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Gas prices: Consumers could be in for a 'crude awakening' amid supply challenges, analyst says

GasBuddy Head of Petroleum Analysis Patrick De Haan joins Yahoo Finance Live to analyze how declining gas prices may further pressure energy supply and demand conditions and expected American trends ahead of the summer travel season.

Video transcript

- Heading into Memorial Day weekend, drivers are getting some long awaited relief at the pump. The national average now sitting at $3.53 a gallon. That's according to AAA. That's down about $1 from this time last year. Joining us now is Patrick De Haan, GasBuddy head of petroleum analysis. So take us through what we can expect as we're heading into the summer travel season.

PATRICK DE HAAN: Well, continued relief, barring unexpected outages at refineries or major hurricanes. The national average price of gasoline likely to be over $1 a gallon lower for much of the summer compared to last year. In fact, according to our numbersm we just hit that level. We fell to $1 a gallon deficit from a year ago. That's only the fourth time in history that we've seen such a dramatic drop in year-ago prices compared to a year ago.

And so consumers are going to be the bulk beneficiaries. Americans today spending $302, $80 million less on gasoline than a year ago, certainly good news. And the good news doesn't stop there. The price of diesel also dropping. In fact, now it's at its lowest level since March of 2022. Both gasoline and diesel prices likely to remain pretty low this summer compared to where they were last year.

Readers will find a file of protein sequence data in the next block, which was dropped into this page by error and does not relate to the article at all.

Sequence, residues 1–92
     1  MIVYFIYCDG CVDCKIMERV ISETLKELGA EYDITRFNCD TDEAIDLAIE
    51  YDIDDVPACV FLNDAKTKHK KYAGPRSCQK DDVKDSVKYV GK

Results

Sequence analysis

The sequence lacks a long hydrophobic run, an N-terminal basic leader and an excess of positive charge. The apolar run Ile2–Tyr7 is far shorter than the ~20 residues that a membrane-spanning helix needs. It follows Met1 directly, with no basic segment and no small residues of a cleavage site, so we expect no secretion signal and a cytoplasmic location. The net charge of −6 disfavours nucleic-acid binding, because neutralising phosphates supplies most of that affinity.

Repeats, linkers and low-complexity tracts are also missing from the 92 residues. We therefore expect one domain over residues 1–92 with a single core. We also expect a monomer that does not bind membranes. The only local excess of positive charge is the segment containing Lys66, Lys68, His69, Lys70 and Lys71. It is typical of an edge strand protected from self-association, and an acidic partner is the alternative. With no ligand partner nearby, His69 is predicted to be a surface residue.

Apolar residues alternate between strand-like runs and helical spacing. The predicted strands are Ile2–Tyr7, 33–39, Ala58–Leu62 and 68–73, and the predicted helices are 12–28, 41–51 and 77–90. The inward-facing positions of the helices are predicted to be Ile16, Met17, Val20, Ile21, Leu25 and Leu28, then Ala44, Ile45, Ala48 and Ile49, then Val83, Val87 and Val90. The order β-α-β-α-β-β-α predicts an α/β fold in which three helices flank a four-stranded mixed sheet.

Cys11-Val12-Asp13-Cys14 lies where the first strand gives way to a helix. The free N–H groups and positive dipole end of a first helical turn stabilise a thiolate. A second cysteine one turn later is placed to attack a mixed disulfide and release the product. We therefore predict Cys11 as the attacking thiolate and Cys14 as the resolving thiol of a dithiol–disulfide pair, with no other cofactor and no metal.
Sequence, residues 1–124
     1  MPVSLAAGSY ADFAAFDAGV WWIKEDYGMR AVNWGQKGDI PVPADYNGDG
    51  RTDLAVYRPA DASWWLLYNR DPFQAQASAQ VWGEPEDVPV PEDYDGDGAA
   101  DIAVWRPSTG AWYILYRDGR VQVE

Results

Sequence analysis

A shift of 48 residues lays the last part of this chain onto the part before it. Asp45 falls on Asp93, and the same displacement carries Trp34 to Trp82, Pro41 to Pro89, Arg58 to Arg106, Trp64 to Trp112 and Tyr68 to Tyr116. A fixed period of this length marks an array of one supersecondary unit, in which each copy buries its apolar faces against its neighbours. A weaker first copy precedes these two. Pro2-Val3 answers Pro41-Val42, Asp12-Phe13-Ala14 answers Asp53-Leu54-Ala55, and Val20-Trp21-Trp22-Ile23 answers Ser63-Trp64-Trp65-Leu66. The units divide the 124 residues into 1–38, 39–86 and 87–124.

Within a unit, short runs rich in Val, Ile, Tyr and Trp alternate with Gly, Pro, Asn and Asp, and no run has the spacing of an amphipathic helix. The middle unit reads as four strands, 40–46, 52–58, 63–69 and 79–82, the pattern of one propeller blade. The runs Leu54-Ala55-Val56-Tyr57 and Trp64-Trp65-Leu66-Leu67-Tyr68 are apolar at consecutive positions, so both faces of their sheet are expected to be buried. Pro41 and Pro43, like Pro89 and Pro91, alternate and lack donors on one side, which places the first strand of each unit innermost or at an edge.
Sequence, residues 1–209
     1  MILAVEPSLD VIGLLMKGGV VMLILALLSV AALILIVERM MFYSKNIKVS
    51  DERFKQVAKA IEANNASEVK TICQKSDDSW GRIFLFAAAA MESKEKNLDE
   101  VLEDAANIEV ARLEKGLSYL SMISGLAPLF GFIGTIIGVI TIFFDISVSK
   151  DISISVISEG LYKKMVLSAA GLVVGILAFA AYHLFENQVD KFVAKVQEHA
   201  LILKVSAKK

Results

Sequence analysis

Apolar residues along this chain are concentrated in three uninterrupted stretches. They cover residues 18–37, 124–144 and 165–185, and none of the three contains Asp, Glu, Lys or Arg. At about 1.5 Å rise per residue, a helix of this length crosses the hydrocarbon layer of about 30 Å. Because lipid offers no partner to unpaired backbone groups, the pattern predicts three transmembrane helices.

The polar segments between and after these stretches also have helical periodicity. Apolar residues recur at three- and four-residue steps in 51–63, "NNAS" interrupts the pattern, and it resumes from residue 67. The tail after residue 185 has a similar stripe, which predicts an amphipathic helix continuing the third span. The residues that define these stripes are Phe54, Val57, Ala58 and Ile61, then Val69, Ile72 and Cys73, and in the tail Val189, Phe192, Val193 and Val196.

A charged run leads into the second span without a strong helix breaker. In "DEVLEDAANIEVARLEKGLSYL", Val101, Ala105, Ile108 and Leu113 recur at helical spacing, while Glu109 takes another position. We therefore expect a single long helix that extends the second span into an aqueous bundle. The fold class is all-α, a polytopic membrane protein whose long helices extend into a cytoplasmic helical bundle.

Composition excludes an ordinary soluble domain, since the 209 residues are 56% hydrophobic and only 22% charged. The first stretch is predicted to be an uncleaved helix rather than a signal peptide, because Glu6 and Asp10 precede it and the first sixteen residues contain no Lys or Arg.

- What about the willingness to shell out the money? I mean, we realize that there's been some relief at least in gas prices, but to what extent are you finding that consumers are willing to pay in this tough environment, in terms of taking road trips? I mean, how does the demand likely to compare to where things were last year?

PATRICK DE HAAN: Well. ironically, I think demand could weaken this summer compared to last year, even in the light of gas prices that could be 25% to 35% lower. And I think a lot of that has to do with anxiety over the economic situation, a potential recession, the Federal Reserve raising interest rates. A lot of the stories people are watching doesn't really make them feel terrific on going out and hitting the road this summer.

So by and large, demand has been a little bit of a laggard this year compared to last year. And that's a trend that could continue through the summer driving season. So don't expect as many Americans to hit the road, given some of those economic headwinds, even with lower gas prices.

- Yeah, and there are signs here that there could be potential headwinds or more headwinds moving forward. We heard from the IEA today talking about what demand is likely to look like moving into the second half of the year. Specifically on oil, they said that demand is likely to eclipse supply by 2 million barrels a day because of the stronger-than-expected demand coming out of China as they continue their reopening. What does that mean broadly in terms of gas prices, and how significant is the risk to the upside?

PATRICK DE HAAN: Well, that certainly could be something to watch for the second half of the summer. I think the market is overly pessimistic right now. Inventories are not terrific when compared to a year ago. Distillate inventories are only 2% above a year ago.

I think the big difference right now is the overall sense of sentiment is rather low across the United States. So if we do start to see growth coming in the United States, and especially in China, we could be in for a crude awakening, as oil prices could stand to rally again in the second half of the summer, depending on those economic headwinds. If they lighten up, we certainly could be in a bit of trouble as inventories globally still remain tight, especially with OPEC's ongoing production cuts.